Otherwise - you could look into AAUW (if you are female..?)
Or Rotary?
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Hi,

unfortunately I am not female and in my country you have to apply for rotary well over a year in advance of your proposed studies (e.g. June 2006 for September 2007). I found this out the hard way when, much to my surprise, I inquired last summer only to find out i had already missed the deadline.

I have quite thoroughly canvassed third party sources but I just haven't been very lucky in that regard. And while I do have significant financial need I don't think it's their priority to help someone they've already offered $30,000 to.
Hi,

unfortunately I am not female and in my country you have to apply for rotary well over a year in advance of your proposed studies (e.g. June 2006 for September 2007). I found this out the hard way when, much to my surprise, I inquired last summer only to find out i had already missed the deadline.

I have quite thoroughly canvassed third party sources but I just haven't been very lucky in that regard. And while I do have significant financial need I don't think it's their priority to help someone they've already offered $30,000 to.
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Amelia1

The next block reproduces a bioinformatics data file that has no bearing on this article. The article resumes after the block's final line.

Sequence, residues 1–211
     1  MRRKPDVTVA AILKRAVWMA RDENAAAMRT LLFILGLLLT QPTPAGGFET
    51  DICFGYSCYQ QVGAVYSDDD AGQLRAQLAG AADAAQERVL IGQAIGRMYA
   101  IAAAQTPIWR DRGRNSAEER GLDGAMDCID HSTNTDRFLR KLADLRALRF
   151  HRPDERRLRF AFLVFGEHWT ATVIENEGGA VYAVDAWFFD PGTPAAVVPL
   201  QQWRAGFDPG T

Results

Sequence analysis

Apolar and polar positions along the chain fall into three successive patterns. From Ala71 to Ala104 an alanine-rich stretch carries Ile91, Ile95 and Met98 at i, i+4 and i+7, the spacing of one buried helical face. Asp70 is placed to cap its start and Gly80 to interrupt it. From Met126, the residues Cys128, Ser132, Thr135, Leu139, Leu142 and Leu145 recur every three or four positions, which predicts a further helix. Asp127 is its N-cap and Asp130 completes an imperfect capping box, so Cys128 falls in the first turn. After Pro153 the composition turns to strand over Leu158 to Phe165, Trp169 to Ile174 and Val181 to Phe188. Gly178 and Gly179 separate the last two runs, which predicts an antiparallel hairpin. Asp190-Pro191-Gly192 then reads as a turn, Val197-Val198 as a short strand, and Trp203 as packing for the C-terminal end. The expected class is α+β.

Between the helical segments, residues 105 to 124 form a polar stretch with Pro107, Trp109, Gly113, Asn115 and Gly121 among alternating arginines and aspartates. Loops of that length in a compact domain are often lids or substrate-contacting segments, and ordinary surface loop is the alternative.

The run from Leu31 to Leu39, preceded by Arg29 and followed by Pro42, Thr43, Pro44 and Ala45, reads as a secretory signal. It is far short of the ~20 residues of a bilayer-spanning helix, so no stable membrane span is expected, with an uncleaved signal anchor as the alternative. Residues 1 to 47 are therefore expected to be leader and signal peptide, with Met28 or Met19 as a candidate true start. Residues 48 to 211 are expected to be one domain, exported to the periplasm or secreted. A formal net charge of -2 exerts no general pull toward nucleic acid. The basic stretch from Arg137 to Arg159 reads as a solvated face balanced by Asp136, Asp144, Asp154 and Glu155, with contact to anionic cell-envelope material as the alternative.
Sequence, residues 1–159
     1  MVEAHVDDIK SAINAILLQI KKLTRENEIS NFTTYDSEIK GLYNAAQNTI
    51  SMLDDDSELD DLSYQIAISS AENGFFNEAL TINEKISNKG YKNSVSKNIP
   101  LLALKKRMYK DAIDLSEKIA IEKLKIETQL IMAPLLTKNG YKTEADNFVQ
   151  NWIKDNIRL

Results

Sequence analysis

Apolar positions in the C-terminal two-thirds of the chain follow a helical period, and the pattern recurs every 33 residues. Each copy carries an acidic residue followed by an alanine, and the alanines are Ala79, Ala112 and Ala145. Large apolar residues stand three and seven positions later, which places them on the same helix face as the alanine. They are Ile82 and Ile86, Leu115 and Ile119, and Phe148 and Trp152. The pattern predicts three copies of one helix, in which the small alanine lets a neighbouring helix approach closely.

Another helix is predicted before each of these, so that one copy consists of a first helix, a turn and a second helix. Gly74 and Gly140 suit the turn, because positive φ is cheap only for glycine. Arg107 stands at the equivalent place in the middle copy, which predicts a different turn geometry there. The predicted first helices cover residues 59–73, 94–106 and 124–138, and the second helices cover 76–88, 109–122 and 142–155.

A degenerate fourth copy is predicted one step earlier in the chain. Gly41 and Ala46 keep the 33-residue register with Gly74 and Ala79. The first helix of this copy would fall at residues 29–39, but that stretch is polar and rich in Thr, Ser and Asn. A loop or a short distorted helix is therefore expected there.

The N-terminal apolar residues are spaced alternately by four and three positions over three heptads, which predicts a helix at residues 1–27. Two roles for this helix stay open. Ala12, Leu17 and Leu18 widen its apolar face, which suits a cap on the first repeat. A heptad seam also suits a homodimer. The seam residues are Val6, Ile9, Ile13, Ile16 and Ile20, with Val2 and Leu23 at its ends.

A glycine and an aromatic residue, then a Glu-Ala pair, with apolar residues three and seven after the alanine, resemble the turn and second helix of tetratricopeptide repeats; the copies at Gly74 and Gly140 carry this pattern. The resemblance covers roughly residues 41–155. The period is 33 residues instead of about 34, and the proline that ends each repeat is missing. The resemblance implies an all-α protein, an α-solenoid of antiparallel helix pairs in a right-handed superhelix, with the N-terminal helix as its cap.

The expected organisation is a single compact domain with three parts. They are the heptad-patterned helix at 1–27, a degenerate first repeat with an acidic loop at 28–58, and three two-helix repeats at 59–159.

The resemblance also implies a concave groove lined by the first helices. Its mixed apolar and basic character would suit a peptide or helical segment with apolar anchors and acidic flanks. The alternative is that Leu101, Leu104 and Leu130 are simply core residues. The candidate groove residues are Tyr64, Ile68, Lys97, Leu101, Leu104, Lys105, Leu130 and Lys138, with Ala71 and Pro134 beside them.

I would be inclined to get in touch with Rotary and see if they are willing to make an exception - my experience with Rotary is that, despite what their websites and applications forms say, their processes can be quite informal - and they are very keen to choose applicants whose study objectives fit with their 'peace and goodwill' focus (and it sounds like yours might).
Or you might consider working for a couple of years in a large commercial firm afterwards to pay off any loans you are required to take out. I am currently working in the public sector in human rights law but worked previously in a large commercial firm (with no relevant experience - I had taken mainly jurisprudential/human rights papers at university). I learnt an awful lot there that has been useful in my current job.
I would be inclined to get in touch with Rotary and see if they are willing to make an exception - my experience with Rotary is that, despite what their websites and applications forms say, their processes can be quite informal - and they are very keen to choose applicants whose study objectives fit with their 'peace and goodwill' focus (and it sounds like yours might).
Or you might consider working for a couple of years in a large commercial firm afterwards to pay off any loans you are required to take out. I am currently working in the public sector in human rights law but worked previously in a large commercial firm (with no relevant experience - I had taken mainly jurisprudential/human rights papers at university). I learnt an awful lot there that has been useful in my current job.